All the Viking Afloat boats at Whitchurch Marina were out but there seemed to be quite a few people busy in the yard tidying things up. We played leap frog with another boat through the two Hassell’s swing bridges and Tilstock Park Lift Bridge No 42. They were a little on the slow side but we ended up in front after the last lift bridge as we headed down the long run to Morris Lift Bridge No 45 and by the time we got their they were a little spot in the distance so we didn’t hold the bridge for them. We headed through Whixall Moss Junction and moored up just past the Moss visitor moorings for the night.

Down and then Up Again

From Tom's Moorings to Martin's Bridge No 3, a distance of 14 miles, 6 flg and 26 locks.

We travelled up on Friday night and had a pleasant evening on the moorings drinking some bottled beer. We’d left the fridge on from last weekend so we could just load it all up. We put the cool blocks in the bottom to act as thermal ballast. It was an early night – I think we were both in bed before 11pm!

We woke to a cool but clear morning, in fact a lot of the days were like that over the course of the week, and slipped away from the moorings. Apart from a couple of people walking dogs on the towpath there was no-one around at all and we made good time to Adderley Top Lock No 8 and started down the flight. The locks seem to be an odd mix of full, partially full, and empty but with no obvious pattern.

As we approached Audlem Top Lock Visitor Moorings a boat cast off and started down the locks and we basically joined the back end of a small queue of boats heading down. There were a lot of boats coming up too so we basically had to wait a bit at each lock – so even though there were only 2 of us we actually couldn’t have made it down the locks any faster. We pulled in on Audlem Vistor Moorings (above wharf) and we headed off to the Pub and the Co-Op. Nick went to the shop and I went to the pub and found that it only opened at noon, so I sat round waiting for Nick and then we sat round for a few more minutes until the pub opened and our order was taken promptly by a member of staff who brought our drinks to our table.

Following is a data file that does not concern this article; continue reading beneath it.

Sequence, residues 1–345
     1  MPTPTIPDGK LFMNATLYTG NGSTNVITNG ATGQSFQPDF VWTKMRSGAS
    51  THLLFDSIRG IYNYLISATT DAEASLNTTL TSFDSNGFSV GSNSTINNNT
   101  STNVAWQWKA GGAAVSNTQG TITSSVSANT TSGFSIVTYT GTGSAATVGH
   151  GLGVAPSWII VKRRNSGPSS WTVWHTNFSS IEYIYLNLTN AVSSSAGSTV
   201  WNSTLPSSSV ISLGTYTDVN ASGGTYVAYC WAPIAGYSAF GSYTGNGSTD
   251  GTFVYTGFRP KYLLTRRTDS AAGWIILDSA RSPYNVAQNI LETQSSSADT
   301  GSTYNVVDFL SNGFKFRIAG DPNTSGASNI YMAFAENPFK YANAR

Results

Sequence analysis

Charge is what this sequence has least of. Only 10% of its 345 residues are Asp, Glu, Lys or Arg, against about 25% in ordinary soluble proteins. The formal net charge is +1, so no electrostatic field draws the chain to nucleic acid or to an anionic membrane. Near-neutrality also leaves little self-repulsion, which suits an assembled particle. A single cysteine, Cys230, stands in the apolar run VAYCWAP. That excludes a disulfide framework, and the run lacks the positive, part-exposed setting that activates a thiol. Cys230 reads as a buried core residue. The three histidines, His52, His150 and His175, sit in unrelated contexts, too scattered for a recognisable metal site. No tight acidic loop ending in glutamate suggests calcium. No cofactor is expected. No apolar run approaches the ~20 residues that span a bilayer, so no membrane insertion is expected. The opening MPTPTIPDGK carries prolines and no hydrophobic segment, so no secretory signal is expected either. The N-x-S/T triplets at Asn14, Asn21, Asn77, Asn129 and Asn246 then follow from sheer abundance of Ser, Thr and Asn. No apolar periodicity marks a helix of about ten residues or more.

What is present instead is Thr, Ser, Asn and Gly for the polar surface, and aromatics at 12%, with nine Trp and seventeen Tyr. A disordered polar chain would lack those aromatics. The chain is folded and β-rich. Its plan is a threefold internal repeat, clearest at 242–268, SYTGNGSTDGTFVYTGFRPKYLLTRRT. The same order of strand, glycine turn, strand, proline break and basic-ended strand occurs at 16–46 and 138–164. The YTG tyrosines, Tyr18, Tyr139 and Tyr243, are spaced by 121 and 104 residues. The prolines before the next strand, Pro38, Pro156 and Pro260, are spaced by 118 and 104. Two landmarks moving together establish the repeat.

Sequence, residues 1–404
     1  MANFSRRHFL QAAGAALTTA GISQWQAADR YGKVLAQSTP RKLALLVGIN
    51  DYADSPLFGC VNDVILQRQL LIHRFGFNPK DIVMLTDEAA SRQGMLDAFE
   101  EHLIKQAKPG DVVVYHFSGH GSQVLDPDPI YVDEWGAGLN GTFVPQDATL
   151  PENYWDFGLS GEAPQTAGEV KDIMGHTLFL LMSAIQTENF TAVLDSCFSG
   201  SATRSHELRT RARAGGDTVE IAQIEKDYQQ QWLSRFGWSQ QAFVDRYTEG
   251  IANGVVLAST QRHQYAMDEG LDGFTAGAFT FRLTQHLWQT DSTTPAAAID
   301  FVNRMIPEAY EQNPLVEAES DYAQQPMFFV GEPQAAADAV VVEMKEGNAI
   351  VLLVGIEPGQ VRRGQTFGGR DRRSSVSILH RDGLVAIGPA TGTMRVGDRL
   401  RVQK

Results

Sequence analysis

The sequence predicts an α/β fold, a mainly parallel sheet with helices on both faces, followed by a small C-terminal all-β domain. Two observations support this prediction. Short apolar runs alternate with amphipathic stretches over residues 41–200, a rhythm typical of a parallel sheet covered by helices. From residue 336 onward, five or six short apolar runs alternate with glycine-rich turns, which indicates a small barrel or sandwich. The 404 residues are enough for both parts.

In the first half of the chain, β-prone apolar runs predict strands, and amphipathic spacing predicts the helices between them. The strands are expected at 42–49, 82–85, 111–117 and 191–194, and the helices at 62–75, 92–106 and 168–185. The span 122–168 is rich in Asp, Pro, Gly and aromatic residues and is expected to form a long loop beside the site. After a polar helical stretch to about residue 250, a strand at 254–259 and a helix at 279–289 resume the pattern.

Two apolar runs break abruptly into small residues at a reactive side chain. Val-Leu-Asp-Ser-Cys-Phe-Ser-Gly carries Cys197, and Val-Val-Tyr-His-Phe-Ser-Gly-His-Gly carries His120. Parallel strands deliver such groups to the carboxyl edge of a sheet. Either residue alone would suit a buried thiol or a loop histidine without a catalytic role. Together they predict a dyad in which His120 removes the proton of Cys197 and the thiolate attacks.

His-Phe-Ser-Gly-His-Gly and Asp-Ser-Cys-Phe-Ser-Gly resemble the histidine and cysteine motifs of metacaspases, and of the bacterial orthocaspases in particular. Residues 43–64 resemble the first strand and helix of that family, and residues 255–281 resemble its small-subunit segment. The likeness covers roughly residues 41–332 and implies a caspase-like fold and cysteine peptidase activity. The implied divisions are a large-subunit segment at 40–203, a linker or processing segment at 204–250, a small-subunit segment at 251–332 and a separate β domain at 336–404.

This was the first pint of hand pulled beer I’d had since the lockdown

First pint of Real Ale since lockdown… it was nectar

and it tasted pretty damned good. It was a little warm but the second one was perfect. We sat there in the sun, relaxing, and it was so tempting to have a third and basically stop for the day but we really thought we should push on a little more. So it was back to the boat and down past the wharf

The Shroppie Fly
The Shroppie Fly

We knew we wanted to eat out on the last night so Nick popped in as we waited for the lock and booked a table for the following Saturday.

When the lock was about 3/4 empty a boat cast off from the waterpoint below the lock (they’d been moored on the waterpoint at the wharf when we’d been sitting outside the pub) and proceeded to make its way slowly down the canal with its engine noise drowned out by the yapping of the dog on the back deck. They apologised to Nick for the barking dog but not for pulling out in front of us.

We got to the bottom lock and made our way past the moored up boats and then met a boat coming the other way who wanted us to speed up to try to pull them off “the ledge” as “it’s pretty big here”, but of course by the time he told me that we were almost past him anyway. I think if he’d dropped his speed a little bit he might have drifted out with no real problems.